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From Aug 2006 - Nov 2013 WeDig provided a live forum for diggers & fans of Vindolanda. It has now been mothballed and will be maintained as a live archive.

Here you will find preserved 7 years of conversation, photos, & knowledge about a site many people love. Vindolanda gets under the skin. (Figuratively and literally as a volunteer excavator!) It's a place you remember, filled with people you remember!

Thanks for 7 great years!

Turf rampart just outside NW corner of S.F. II
Brilliant pic Andy! That's a true beauty of a wall. Small wonder it was reused as a foundation. And thanks for the clarification of what's where. It's strange that the Gauls would shift SF II a few meters south of SF I's footprint. Surely it would have been easier to reuse SF I's north & south walls just as they did with the east & west? Maybe the Severan structures obscured SF I's north & south walls so much that the Gauls just couldn't find them? Or maybe there had been a collapse or some kind of instability that they knew about? Each find really does bring up a half-dozen new questions doesn't it.

Man, I love archaeology.

- Harry

Turf rampart just outside NW corner of S.F. II
Just read Matt's great synopsis of last week's dig. Loving it! Got me curious though. Matt, you said that you were outside the NW corner of the IV Gaul fort (Stone Fort II), and you found turf rampart but no SF I wall. And then it looked like SF I's wall was possibly used as foundation for the SF II wall. So it sounds like the turf rampart you guys found was actually -outside- SF I's wall. Is that right? So what would the rampart have been for? The Severan fort? Something else?

- Harry

Excavations
What a great post! And how often over the years have I heard the phrase "...has kept Justin guessing as to what exactly is going on in Area B"? :D And this "gladiator glass" sounds more than a little bit intriguing.

- Harry

God of Fertility Turns Up ... 4/23/2007
Original article can be found at: http://www.timesandstar.co.uk/unknown/view....aspx?id=491028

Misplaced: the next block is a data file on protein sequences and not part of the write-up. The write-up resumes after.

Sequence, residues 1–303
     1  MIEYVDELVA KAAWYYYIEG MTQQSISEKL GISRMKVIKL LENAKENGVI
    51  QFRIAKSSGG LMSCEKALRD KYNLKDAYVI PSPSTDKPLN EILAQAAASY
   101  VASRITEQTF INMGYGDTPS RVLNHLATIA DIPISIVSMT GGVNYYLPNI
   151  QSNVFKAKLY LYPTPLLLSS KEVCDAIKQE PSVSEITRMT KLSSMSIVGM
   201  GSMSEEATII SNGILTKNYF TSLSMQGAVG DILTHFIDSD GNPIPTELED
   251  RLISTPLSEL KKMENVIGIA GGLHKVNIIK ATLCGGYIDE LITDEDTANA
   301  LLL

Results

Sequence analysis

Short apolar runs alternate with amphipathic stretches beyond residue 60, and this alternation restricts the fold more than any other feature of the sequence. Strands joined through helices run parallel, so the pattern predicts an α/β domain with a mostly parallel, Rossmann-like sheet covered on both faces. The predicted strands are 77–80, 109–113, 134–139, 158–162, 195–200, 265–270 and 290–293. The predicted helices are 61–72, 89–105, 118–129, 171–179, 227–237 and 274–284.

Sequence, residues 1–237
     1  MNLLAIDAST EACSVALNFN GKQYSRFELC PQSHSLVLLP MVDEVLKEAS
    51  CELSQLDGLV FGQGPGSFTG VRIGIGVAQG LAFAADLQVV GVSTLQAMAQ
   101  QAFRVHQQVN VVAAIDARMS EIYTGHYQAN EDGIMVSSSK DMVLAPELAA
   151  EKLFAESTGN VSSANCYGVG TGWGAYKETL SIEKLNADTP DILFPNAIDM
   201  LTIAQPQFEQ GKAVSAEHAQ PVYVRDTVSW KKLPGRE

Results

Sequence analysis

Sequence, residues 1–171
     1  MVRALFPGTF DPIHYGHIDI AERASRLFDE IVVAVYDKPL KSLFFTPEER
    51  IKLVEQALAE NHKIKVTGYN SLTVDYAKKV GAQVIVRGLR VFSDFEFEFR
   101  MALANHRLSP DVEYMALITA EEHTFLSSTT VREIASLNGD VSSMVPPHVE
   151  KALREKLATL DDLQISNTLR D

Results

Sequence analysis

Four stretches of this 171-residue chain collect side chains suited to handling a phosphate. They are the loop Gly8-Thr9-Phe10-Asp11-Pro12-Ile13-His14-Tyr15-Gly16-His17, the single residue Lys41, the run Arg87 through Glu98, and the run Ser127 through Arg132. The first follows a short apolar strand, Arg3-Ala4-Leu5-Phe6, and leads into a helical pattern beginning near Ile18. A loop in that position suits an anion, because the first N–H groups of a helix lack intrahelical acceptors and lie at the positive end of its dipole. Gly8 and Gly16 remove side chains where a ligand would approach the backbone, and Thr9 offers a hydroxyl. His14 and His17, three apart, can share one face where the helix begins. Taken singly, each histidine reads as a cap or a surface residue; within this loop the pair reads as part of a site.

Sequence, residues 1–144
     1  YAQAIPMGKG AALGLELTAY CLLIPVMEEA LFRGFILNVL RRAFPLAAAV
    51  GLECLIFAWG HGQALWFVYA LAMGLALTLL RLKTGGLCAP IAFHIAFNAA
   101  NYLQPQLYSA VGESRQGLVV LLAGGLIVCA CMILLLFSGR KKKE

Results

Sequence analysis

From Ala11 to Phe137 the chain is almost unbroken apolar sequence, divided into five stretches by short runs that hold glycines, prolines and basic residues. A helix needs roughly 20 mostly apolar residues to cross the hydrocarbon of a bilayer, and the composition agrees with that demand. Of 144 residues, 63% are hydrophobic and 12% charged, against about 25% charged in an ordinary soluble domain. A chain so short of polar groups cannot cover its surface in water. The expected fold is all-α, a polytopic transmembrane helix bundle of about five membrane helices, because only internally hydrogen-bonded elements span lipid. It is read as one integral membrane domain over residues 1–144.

God of fertility turns up after 2,000 year absence
Published on 23/04/2007


Priapus GLIMPSES into what it was like to be a Roman in Tynedale nearly 2,000 years ago literally came out of the ground at Vindolanda last summer.

Archaeologists carried out their detective work at the Roman fort during the annual season of excavations and they uncovered some remarkable finds.

Evidence of serious failures in Roman building control emerged from beneath the soil and outstanding finds included a very rare legionary brooch, a fine gold ring with intaglio intact, the graphic sculpture of the fertility god Priapus, and, best of all, a complete statue base with its four line text.

Every excavation season adds details to the general history of Vindolanda – sometimes the names of inhabitants, an altar or two, or an improvement to the general plan of the site. Occasionally a major advance is made, by the discovery of more written texts, or evidence into the day-to-day correspondence between soldiers and their families. Since then, around 2,000 of these wooden notelets have turned up.

And the discoveries keep coming thick and fast.

Last season at the far western end of the site below the stone remains, the timbers from two successive workshops of early second century date were found and amongst them lay a legionary cloak brooch, with the name of the owner punched on to the clasp – one Quintus Sollonius, from the century of Cupitus.

A centurion with that rare name is known at Caerleon, the base of the Second Augusta Legion, and Sollonius was probably based at Vindolanda during the building of Hadrian’s Wall.

On the western fort wall and rampart, excavations revealed parts of the wall standing nearly 10 feet high. The inside face of the fort wall showed a bewildering series of re-builds, with some of them being exceptionally crude.

In parts the older fort wall still stood nearly ten feet high, with two or three surviving courses of the later fort wall balanced precariously on top of it.

This season, two long ‘strip houses’ will be examined on the north side of the main road leading to the west gate of the stone fort. The internal floors of those buildings will be removed and the underlying Severan fort structures will be explored.

Once they have been examined, the floors in those buildings will be removed and the trenches will be taken down into the earlier pre-Hadrianic levels of the site.

The ultimate goal is to drop the trenches into the fort ditches of the very first fort on the site, constructed c.AD85.

The 2007 Vindolanda excavations began on Sunday, April 1 and will continue through until Saturday, September 15.

Archaeologists will be working on site seven days a week, (weather permitting).

So why not come for a great day out on Hadrian’s Wall to Roman Vindolanda near Bardon Mill and the Roman Army Museum near Greenhead?

You can also soar with the eagle over Hadrian’s Wall through the Eagle’s Eye film at the Roman Army Museum – an aerial guided tour of a section of Hadrian’s Wall with a virtually reconstructed return journey.

For further details, call (01434) 344277 or visit www.vindolanda.com